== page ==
United States District Court, E.D. Arkansas, Jonesboro Division
Sandra Meade, applied for disability benefits on May 10,
2013, alleging a disability onset date of June 9, 2008. (Tr.
at 12) After conducting a hearing, the Administrative Law
Judge (“ALJ”) denied her application. (Tr. at 21)
The Appeals Council denied her request for review. (Tr. at 1)
The ALJ's decision now stands as the final decision of
the Commissioner, and Ms. Meade has requested judicial
reasons stated below, the Court reverses the ALJ's decision
and remands for further review.
The Commissioner's Decision:
found that Ms. Meade had not engaged in substantial gainful
activity since the alleged onset date of June 9, 2008. (Tr.
at 14) At Step Two, the ALJ found that Ms. Meade had the
following severe impairments: asthma, chronic obstructive
pulmonary disease (“COPD”), sinusitis, and
obesity. (Tr. at 14)
finding that Ms. Meade's impairments did not meet or
equal a listed impairment (Tr. at 15), the ALJ determined
that Ms. Meade had the residual functional capacity
(“RFC”) to perform light work with additional
limitations: she could lift and carry twenty pounds
occasionally and ten pounds frequently; she could stand or
walk up to six hours in an eight-hour workday; she could
never climb ladders, ropes, or scaffolds; she could not work
around unprotected heights; she could not be exposed to
concentrated heat extremes; and she could not be exposed to
concentrated fumes, odors, and gases. (Tr. at 16)
found that Ms. Meade could perform her past relevant work,
which directs a finding of “not disabled.” (Tr.
at 18) The ALJ, however, made an alternative finding at Step
Five. (Tr. at 19) He relied on the testimony of a Vocational
Expert (“VE”) to find that, based on Ms.
Meade's age, education, work experience and RFC, jobs
existed in significant numbers in the national economy that
she could perform at the light level, specifically, general
office clerk and personal care assistant. (Tr. at 20) Based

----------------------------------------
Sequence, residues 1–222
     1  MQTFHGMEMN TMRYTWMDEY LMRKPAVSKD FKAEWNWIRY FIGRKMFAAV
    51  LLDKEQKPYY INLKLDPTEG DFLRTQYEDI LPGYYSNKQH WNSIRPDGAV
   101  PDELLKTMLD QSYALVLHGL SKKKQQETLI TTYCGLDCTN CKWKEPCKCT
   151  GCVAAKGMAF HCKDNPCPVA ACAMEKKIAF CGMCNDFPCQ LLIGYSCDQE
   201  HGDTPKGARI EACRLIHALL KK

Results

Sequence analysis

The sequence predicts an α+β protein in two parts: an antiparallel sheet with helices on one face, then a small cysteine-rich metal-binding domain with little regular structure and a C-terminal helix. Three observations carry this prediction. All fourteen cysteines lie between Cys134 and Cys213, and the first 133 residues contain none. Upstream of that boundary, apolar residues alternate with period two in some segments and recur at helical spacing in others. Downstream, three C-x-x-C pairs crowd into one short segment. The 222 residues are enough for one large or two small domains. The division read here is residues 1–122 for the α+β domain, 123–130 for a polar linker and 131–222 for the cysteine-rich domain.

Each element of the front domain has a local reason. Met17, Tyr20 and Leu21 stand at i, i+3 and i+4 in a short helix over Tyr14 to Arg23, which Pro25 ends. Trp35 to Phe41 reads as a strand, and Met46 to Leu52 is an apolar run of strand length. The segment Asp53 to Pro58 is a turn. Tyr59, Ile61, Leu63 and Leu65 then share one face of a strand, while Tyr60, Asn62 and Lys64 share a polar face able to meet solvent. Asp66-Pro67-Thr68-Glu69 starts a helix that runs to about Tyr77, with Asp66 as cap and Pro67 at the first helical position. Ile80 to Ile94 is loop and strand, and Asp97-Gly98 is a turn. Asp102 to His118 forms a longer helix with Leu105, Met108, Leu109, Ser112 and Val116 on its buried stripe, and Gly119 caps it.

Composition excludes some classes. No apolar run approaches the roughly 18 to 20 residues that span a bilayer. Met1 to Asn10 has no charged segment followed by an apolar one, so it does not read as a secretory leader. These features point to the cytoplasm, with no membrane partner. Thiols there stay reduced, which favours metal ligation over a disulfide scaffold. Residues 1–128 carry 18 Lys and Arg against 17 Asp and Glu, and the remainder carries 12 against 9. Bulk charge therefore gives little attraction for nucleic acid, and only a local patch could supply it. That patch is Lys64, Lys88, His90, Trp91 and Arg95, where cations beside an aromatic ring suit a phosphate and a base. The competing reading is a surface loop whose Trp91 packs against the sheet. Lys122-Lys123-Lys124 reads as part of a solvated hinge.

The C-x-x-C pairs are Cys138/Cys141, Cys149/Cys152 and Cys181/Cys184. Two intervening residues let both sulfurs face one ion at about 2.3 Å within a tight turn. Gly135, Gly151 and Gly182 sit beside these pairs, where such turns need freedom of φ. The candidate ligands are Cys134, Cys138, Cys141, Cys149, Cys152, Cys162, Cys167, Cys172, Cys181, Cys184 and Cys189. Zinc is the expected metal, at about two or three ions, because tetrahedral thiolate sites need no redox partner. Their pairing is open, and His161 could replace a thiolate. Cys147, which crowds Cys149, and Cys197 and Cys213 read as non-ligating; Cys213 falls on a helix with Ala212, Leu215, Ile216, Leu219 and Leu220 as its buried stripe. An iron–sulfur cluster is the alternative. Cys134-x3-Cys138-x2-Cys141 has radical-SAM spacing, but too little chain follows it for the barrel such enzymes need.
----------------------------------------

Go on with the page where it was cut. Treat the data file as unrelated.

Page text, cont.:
on that Step Five determination, the ALJ found that Ms. Meade
was not disabled. (Tr. at 21)
Standard of Review
Court's role is to determine whether the
Commissioner's findings are supported by substantial
evidence. Prosch v. Apfel, 201 F.3d 1010, 1012 (8th
Cir. 2000). “Substantial evidence” in this
context means less than a preponderance but more than a
scintilla. Slusser v. Astrue, 557 F.3d 923, 925 (8th
Cir. 2009). In other words, it is “enough that a
reasonable mind would find [the evidence] adequate to support
the ALJ's decision.” Id. (citation
omitted). The Court must consider not only evidence that
supports the Commissioner's decision, but also evidence
that supports a contrary outcome. The Court cannot reverse
the decision, however, “merely because substantial
evidence exists for the opposite decision.” Long v.
Chater, 108 F.3d 185, 187 (8th Cir. 1997) (quoting
Johnson v. Chater, 87 F.3d 1015, 1017 (8th Cir.
Meade's Argument on Appeal
Meade argues that substantial evidence does not support the
ALJ's decision to deny benefits because the ALJ erred in
his RFC determination and failed to fulfill his duty to
develop the record. The Court agrees.
claimant's RFC represents the most she can do despite the
combined effects of all credible limitations. It must be
based on all credible evidence. McCoy v. Astrue, 648
F.3d 605, 614 (8th Cir. 2011). In determining a
claimant's RFC, the ALJ has a duty to establish, by
competent medical evidence, the physical and mental activity
that the claimant can perform in a work setting, after giving
appropriate consideration to all of her impairments.
Ostronski v. Chater, 94 F.3d 413, 418 (8th Cir.
1996). The RFC in this case was not based on substantial
evidence in the record as a whole.
Meade began treatment for chronic asthma and sinus infections
in April 2007. (Tr. at 369-370) Linda Farris, APN, diagnosed
chronic sinusitis and rhinitis after finding enlarged
bilateral turbinates. (Tr. at 369) A May, 2007 CT scan showed
mucosal thickening and chronic sinusitis as compared to a
March 2007 study. (Tr. at 317) Ms. Farris prescribed
Levaquin, Advair, Singulair, steroidal nose spray, and
antibiotics. She also recommended allergy testing. (Tr. at
373) Ms. Meade made an appointment for allergy testing, but
she missed her appointment. (Tr. at ...